Diastasis Recti and Pregnancy
Medically reviewed by Drugs.com. Last updated on Dec 2, 2022.
What is diastasis recti?
Diastasis recti is a condition that causes muscles in your abdomen to separate. The muscles run along the left and right sides of the abdomen, from the ribcage to the pelvis. Pressure pushes the muscles apart. The muscles may separate above your belly button, below it, or both. Diastasis recti can happen to men and to non-pregnant women. This is usually because of obesity or weightlifting. It is most common in pregnant women. The main cause is pressure on the abdominal muscles from the growing baby. Pregnancy hormones also help connective tissues in the abdomen loosen.
What increases my risk for diastasis recti in pregnancy?
- Being pregnant with more than one baby
- Weak abdominal muscles
- Obesity before or during pregnancy
- Swelling or fluid in your abdomen
- Age over 35 years
What are the signs and symptoms of diastasis recti?
- A lump in the middle of your abdomen that gets bigger when you cough, sneeze, or sit up
- Pain in your abdomen, pelvis, or back
- Problems controlling your urine or bowel movements
- Still looking pregnant months after you deliver
How is diastasis recti managed or treated?
Diastasis recti often gets better on its own 4 to 6 weeks after delivery. Surgery is sometimes used to repair and strengthen the muscles. The following can help you manage diastasis recti during or after pregnancy:
- Go to physical therapy (PT), if directed. You will need to wait at least 2 weeks after you deliver before you can do exercises you learn in therapy. Do not try abdominal exercises without your physical therapist. PT can help you with the following:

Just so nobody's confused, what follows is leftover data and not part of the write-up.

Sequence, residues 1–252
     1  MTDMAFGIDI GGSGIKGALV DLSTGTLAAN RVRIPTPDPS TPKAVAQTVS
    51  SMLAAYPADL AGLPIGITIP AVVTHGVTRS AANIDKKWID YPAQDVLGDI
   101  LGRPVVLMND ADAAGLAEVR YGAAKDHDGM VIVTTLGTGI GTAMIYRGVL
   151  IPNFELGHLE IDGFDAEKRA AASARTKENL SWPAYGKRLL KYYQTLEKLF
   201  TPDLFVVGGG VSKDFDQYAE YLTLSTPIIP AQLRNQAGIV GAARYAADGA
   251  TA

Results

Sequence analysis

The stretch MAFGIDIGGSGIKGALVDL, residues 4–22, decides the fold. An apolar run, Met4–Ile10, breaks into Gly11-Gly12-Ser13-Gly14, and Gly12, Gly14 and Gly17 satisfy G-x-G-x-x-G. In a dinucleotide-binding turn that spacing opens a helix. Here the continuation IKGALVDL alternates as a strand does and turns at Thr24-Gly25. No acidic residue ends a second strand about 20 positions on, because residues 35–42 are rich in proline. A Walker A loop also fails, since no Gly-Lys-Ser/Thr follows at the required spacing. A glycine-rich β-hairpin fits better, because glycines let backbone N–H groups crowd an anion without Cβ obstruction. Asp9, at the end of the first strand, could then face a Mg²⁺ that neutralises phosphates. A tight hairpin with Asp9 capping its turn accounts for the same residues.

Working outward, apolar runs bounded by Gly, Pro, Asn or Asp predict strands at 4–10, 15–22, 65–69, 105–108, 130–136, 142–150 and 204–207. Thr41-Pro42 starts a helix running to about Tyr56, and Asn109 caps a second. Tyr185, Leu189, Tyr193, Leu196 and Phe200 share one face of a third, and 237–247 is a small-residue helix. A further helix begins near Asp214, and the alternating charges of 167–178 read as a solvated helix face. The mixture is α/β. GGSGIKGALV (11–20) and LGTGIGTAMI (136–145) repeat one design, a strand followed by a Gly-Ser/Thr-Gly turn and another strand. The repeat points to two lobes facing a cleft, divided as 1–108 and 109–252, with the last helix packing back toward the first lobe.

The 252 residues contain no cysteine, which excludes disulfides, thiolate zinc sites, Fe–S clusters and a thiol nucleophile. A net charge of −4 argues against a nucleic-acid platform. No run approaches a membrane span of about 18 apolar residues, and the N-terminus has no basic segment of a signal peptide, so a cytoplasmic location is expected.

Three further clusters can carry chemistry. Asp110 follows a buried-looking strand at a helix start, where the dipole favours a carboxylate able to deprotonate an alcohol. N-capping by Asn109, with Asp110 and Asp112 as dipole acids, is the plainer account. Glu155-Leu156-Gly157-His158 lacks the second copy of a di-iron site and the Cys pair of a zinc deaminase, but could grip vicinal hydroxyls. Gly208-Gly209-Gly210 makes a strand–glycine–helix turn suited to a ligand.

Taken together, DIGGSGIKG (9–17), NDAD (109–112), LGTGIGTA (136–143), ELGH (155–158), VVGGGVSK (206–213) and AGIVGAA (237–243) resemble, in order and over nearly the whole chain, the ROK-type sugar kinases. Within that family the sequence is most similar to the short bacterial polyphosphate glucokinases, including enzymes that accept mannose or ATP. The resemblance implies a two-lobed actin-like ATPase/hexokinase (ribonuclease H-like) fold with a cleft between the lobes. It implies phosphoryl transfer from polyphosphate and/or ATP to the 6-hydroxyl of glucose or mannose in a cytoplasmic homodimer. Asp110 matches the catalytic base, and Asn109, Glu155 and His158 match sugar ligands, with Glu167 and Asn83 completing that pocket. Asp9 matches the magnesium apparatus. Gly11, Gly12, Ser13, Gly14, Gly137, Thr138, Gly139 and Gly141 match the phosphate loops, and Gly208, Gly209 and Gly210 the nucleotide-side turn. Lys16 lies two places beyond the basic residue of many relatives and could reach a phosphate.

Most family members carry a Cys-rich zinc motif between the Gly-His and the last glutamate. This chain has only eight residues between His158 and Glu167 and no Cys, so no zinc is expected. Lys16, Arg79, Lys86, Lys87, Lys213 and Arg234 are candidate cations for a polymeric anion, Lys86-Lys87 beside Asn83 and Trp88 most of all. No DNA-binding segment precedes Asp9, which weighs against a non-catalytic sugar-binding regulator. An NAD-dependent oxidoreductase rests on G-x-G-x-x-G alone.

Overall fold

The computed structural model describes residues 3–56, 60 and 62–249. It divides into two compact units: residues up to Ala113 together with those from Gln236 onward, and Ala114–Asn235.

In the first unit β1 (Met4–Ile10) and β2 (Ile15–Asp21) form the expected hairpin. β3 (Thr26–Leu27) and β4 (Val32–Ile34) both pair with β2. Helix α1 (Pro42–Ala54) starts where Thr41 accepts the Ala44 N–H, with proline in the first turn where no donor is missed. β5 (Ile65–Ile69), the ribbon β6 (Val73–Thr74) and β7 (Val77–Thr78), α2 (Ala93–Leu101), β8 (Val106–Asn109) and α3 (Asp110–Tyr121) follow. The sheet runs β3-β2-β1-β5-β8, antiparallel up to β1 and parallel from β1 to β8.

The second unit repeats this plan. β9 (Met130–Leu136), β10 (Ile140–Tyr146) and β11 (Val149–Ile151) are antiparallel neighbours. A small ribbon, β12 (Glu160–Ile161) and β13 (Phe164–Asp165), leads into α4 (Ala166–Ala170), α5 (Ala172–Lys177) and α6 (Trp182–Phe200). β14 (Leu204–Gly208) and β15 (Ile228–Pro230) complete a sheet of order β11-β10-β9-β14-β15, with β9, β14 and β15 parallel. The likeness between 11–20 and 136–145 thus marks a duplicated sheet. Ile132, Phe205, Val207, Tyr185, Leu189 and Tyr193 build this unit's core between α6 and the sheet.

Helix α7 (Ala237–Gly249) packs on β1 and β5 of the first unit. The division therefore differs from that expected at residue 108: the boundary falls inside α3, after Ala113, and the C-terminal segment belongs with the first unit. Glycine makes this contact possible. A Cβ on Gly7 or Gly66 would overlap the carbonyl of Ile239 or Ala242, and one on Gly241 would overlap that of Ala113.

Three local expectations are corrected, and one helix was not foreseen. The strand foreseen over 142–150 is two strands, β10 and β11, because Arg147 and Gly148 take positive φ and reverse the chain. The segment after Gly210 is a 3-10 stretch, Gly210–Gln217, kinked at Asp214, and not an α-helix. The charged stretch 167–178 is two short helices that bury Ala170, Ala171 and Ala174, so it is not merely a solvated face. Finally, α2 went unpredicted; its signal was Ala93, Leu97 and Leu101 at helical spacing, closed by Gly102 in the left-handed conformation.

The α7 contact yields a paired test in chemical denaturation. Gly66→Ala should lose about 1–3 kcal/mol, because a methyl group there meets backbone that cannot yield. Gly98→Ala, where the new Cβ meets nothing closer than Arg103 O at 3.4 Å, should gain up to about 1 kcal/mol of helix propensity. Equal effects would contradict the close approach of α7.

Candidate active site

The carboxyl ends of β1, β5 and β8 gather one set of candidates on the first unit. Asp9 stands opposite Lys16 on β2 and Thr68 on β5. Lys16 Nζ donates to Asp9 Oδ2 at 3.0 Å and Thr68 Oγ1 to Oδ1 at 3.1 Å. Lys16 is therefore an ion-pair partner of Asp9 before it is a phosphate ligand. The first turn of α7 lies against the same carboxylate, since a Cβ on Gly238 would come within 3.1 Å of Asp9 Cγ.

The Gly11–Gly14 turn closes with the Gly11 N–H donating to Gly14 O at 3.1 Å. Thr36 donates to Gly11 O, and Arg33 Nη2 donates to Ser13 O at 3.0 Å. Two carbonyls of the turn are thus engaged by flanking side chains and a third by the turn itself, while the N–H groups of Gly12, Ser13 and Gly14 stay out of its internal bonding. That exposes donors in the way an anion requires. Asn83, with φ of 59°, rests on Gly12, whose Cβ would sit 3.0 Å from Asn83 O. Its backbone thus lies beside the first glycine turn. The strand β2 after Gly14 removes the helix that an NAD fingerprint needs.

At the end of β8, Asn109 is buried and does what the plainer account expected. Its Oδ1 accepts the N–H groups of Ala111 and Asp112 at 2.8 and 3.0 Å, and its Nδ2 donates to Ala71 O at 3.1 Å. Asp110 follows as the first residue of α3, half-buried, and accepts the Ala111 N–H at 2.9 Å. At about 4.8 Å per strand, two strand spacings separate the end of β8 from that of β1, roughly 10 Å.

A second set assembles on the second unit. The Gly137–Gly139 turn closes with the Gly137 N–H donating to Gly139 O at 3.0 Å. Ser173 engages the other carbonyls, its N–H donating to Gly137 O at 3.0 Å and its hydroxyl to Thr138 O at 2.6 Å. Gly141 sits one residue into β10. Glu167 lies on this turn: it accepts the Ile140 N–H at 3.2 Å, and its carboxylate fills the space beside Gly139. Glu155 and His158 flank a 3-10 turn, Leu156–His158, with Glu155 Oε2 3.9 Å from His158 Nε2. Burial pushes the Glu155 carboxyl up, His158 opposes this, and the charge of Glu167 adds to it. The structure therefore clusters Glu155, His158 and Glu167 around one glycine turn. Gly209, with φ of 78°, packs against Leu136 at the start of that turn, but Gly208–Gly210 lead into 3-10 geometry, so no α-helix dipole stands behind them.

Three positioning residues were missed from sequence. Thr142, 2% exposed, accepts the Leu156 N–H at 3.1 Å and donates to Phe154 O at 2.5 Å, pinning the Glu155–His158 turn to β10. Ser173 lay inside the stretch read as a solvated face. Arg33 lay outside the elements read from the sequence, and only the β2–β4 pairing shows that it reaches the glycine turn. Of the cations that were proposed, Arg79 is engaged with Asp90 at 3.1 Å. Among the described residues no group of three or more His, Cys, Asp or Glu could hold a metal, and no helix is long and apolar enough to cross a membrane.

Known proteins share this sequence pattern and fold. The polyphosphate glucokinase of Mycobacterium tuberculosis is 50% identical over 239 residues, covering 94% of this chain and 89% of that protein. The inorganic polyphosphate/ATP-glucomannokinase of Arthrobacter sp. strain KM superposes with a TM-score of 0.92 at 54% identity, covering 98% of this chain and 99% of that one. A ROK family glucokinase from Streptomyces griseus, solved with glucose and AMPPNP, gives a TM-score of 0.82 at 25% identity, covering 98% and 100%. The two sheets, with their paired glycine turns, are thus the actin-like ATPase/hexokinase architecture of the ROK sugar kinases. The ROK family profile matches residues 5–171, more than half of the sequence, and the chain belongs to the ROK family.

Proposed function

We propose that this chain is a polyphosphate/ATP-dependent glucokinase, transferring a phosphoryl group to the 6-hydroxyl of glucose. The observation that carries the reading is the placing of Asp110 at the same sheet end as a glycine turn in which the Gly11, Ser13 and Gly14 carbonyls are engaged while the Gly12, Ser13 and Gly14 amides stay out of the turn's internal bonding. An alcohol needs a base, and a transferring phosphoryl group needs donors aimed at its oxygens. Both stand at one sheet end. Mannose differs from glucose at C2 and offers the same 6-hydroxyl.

- Improve movement and strength
- Decrease pain
- Strengthen abdominal muscles with safe exercises
- Learn to lift objects safely
- Sit up from a lying position without using muscles in your abdomen
- Do not lift anything heavier than 10 pounds. Heavy lifting can make your symptoms worse. Ask someone to help you lift heavy objects. If you must lift an object by yourself, do not use your back muscles to lift. Lift with your legs.
- Wear a binder as directed. A binder can help support your muscles and decrease pain. Ask your healthcare provider where to buy a binder.
- Protect your abdomen when you are not wearing a binder. Support your abdomen when you cough. If possible, hug a pillow to your abdomen to keep it braced. Certain exercises will strain your abdominal muscles. Do not perform sit-ups, crunches, or leg raises. Your physical therapist can show you ways to do these exercises safely.
- Maintain a healthy weight. Your healthcare provider can tell you how much weight is safe to gain during your pregnancy. He or she can also recommend a healthy weight for after delivery. Your provider can help you create a safe weight loss plan if needed.
When should I seek immediate care?
- You vomit blood.
- You have black bowel movements or see blood in your bowel movements.
- You have severe pain in your abdomen or pelvis.
- You have a sudden increase in the size of the bulge that cannot be pushed back in.
When should I call my doctor or obstetrician?
- You have nausea or are vomiting.
- You have new or worsening trouble controlling your urine or bowel movements.
- You have questions or concerns about your condition or care.
Care AgreementYou have the right to help plan your care. Learn about your health condition and how it may be treated. Discuss treatment options with your healthcare providers to decide what care you want to receive. You always have the right to refuse treatment. The above information is an educational aid only. It is not intended as medical advice for individual conditions or treatments. Talk to your doctor, nurse or pharmacist before following any medical regimen to see if it is safe and effective for you.
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